A few years ago I was visiting an art fair in Aspen and a big dude on a trick bike bumbled across the street. He had his head craned back as he rode, and he looked up at the sky as if birds or bombs or birds shaped like bombs were plowing down at his head. He seemed to be on the drug bender of his life - either that, or this was just his morning Aspen-4-life routine: biking around absentmindely and staring occasionally at the sun while Range Rovers nearly pummeled him into a 2D discman.
As I walked through Harajuku in Tokyo, I pretty much felt like Aspen Drug Bender Bike guy. Walking through Harajuku was like taking in the world through some kind of cooler beer goggles while careening down a street on a bike that is way, way too small for you.
My inner self glaring up at the sun, for reassurance, I wandered into a Harajuku store with several stores in it, an unfolding Russian Doll minimart where each brand had a dedicated floorspace and cashier. Unseparated by walls, the brands ran together, yet they didn’t.
Here I found the funniest and also most zen shirts I have ever seen in my life.
Before visiting Harajuku, I saw a lot of other, more techy neighborhoods in Tokyo and a lot of western society’s problems solved: fast trains, omni-available healthy food, and safety in the form of unlocked bikes and polite policeman.
Yet, Harajuku solves one of the biggest Western plagues of all: the samey Hipster.
The helixing vicious cycle of Hipsterism is that it’s a movement toward individuality, yet, at a certain point, all hipsters start to look the same. There are only so many flannel pieces and tight-fitting jeans and boots you can buy, only so many carefully-sourced Anthropologie sweaters you can throw on yourself before you look exactly like the person next to you.
The vibe in Harajuku slays the curve towards sameness.
While the main walk in Harajuku pops with funny shirts, colorful contact lenses (legal!) and crepes, the real fashion gems of Harajuku lay enclosed by LaForet, a multi-level mall. LaForet has the magic of small, super small, and hyper-curated items that don’t appear anywhere else. Each store is like viewing an independent art show. These aren’t famous labels or famous names and they probably never will be, but they’re really fucking cool.
In addition to clothes each shop has hand-curated accessories, like the hip-things section of Urban Outfitters, only with the cultural memory of a person you’d actually want to hang out with.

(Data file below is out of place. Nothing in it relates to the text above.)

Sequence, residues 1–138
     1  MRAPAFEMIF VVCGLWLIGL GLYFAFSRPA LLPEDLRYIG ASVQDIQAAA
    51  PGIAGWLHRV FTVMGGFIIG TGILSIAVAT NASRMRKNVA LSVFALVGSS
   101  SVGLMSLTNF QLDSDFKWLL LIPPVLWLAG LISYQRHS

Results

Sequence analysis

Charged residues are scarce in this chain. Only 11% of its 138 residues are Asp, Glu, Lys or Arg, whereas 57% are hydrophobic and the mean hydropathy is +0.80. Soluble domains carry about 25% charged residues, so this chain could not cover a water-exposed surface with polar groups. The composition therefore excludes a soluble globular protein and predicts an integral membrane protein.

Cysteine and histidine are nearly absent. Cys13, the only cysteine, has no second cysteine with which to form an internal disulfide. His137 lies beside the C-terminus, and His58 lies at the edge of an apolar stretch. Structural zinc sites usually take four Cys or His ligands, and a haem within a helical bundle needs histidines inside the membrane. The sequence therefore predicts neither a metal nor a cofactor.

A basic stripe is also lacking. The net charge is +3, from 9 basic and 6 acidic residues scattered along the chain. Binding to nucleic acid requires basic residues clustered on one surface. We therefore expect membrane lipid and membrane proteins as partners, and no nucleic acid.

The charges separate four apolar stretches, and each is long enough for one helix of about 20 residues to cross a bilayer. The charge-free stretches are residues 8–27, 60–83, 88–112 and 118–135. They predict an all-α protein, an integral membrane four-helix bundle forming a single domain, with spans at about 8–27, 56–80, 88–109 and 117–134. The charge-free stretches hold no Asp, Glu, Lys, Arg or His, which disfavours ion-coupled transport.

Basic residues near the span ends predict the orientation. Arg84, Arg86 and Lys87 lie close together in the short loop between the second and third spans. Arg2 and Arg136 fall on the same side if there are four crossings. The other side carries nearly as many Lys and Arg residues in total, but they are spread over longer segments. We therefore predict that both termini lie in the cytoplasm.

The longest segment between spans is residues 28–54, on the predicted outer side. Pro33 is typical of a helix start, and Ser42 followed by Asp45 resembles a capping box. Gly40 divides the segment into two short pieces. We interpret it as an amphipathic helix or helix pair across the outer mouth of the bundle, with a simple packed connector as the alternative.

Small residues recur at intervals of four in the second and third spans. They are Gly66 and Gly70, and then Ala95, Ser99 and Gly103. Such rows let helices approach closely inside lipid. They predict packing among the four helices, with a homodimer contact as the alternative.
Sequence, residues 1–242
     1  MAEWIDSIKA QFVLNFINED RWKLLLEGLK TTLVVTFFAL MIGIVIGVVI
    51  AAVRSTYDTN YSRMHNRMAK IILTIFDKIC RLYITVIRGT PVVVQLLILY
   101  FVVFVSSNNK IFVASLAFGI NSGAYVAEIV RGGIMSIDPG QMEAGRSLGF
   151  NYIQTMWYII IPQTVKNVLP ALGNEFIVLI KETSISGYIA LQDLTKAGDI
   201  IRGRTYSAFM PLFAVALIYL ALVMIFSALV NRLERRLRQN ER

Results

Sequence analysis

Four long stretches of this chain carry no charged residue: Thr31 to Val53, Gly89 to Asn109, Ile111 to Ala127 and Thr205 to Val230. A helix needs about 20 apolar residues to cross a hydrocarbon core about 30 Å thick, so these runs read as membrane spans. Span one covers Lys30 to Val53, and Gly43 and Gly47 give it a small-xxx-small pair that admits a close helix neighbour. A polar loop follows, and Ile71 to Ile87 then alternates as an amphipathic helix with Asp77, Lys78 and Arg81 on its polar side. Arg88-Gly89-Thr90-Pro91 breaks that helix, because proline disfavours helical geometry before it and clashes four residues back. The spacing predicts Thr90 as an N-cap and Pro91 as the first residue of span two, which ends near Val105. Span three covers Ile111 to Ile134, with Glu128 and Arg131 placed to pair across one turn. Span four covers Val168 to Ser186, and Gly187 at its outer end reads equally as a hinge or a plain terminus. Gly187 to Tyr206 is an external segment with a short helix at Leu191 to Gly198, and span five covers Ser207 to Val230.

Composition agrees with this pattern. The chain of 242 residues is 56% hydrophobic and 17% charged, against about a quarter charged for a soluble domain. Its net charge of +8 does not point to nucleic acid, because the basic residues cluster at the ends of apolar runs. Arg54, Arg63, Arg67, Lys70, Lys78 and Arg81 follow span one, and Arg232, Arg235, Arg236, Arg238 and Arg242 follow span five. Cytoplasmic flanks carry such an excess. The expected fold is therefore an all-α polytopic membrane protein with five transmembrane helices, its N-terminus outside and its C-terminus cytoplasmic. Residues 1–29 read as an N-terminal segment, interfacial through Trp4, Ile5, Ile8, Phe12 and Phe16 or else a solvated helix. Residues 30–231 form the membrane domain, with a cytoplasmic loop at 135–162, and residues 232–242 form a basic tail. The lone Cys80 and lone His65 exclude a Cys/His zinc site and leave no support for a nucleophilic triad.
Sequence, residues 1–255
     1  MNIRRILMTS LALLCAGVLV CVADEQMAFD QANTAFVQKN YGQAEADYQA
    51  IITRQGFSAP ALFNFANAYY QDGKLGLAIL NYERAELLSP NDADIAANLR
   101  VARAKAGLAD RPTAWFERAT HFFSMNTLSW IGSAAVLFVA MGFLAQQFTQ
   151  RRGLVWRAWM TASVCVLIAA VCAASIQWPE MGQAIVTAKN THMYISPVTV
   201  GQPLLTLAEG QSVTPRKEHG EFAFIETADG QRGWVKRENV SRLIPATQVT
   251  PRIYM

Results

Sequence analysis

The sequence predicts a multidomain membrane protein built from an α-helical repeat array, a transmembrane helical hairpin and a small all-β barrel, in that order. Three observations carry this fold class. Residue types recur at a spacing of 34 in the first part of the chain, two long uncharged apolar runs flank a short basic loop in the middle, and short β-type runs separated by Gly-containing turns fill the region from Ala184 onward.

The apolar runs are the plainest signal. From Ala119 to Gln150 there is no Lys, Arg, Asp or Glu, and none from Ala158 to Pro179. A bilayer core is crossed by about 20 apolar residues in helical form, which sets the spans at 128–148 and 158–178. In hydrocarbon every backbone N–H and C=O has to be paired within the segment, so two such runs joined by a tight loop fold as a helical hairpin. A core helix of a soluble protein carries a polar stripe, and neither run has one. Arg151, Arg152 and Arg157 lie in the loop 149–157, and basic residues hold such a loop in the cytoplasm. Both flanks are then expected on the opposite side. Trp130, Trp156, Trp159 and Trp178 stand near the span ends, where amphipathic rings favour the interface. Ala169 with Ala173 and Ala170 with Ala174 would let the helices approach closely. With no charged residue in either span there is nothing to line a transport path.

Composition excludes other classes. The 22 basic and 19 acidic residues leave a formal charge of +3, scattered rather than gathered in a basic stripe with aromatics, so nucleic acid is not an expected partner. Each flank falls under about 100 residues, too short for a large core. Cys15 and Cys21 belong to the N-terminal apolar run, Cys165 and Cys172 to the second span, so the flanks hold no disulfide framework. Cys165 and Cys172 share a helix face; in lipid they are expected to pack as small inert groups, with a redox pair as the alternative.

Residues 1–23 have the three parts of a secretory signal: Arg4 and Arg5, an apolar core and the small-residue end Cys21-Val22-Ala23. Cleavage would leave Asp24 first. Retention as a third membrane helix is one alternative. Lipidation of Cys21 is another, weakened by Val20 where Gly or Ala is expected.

LaForet is home to the Sailor Moon store as well! One of the greatest things about Tokyo are the popup shops in malls that are dedicated entirely to just one anime, show, or pop culture phenomenon.
United States malls are great at pumping out aggregate pop culture fashion - Box Lunch and Hot Topic are sure to have your favorite Godzilla T shirt. At Hot Topic, somewhere between Linkin Park tees and Full Metal Alchemist wallets, you’ll find Sailor Moon stuff, yeah. Tokyo draws in enough fandom, enough otaku, to have an entire Godzilla store, several stores just for Kirby’s Dream Land, and countless popups dedicated to new short runs of Anime.
It’s easy to see Harajuku and Laforet as a place just for young people. While there were mostly younger people in the mall, Laforet caters to one kind of person: those who want something both new and good. So, Harajuku proves to be another place in Japan that goes all out. Expression is everything and uniqueness is everything. Though I spent enough time in Tokyo to eventually see a sweater repeated in Shinjuku and in Harajuku, in both places, you get the feeling that if you don’t buy the piece today, you’ll never find it again. Harajuku is a bit punk this way. It’s not a thrift store, not Prada, not Macy’s - it’s a kind of fashion shopping experience that could only exist in Tokyo.
I knew I’d reached peak Harajuku when I found a shop with what seemed to be every ski jacket that my family and I wore in Colorado in the 1990s. At this point, I exited the store, texted my friends in the States who might have still been awake, and bought a crepe to relax and watched the crowds roll by until finally, all of the teenagers evaporated into the metro and I could go home. I metroed back to my Air BnB and flipped through my camera roll, reliving the shirts one by one, laughing and texting them to whoever I could. Truly, there is a Harajuku shirt for almost everyone, every personality type can be found in the mystery of a shirt in Harajuku. I went back to Harajuku the next day.